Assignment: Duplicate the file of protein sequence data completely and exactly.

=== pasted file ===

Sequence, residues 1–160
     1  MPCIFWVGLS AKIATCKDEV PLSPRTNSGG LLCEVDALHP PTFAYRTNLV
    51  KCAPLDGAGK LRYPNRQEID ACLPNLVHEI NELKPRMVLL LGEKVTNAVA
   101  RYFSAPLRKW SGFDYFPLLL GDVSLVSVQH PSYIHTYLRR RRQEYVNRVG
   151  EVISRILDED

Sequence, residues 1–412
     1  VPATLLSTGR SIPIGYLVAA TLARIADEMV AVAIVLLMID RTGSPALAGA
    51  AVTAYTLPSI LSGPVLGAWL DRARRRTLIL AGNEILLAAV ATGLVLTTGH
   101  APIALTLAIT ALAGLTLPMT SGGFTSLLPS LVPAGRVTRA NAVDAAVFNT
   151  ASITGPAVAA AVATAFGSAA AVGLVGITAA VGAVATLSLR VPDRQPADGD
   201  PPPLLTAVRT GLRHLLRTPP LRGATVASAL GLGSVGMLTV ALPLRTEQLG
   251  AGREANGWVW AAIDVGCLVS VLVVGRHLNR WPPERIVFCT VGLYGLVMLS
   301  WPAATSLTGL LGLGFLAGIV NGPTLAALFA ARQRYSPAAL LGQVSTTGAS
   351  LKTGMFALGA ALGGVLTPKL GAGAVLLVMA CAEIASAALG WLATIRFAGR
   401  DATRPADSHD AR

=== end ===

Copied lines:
Sequence, residues 1–160
     1  MPCIFWVGLS AKIATCKDEV PLSPRTNSGG LLCEVDALHP PTFAYRTNLV
    51  KCAPLDGAGK LRYPNRQEID ACLPNLVHEI NELKPRMVLL LGEKVTNAVA
   101  RYFSAPLRKW SGFDYFPLLL GDVSLVSVQH PSYIHTYLRR RRQEYVNRVG
   151  EVISRILDED

Sequence, residues 1–412
     1  VPATLLSTGR SIPIGYLVAA TLARIADEMV AVAIVLLMID RTGSPALAGA
    51  AVTAYTLPSI LSGPVLGAWL DRARRRTLIL AGNEILLAAV ATGLVLTTGH
   101  APIALTLAIT ALAGLTLPMT SGGFTSLLPS LVPAGRVTRA NAVDAAVFNT
   151  ASITGPAVAA AVATAFGSAA AVGLVGITAA VGAVATLSLR VPDRQPADGD
   201  PPPLLTAVRT GLRHLLRTPP LRGATVASAL GLGSVGMLTV ALPLRTEQLG
   251  AGREANGWVW AAIDVGCLVS VLVVGRHLNR WPPERIVFCT VGLYGLVMLS
   301  WPAATSLTGL LGLGFLAGIV NGPTLAALFA ARQRYSPAAL LGQVSTTGAS
   351  LKTGMFALGA ALGGVLTPKL GAGAVLLVMA CAEIASAALG WLATIRFAGR
   401  DATRPADSHD AR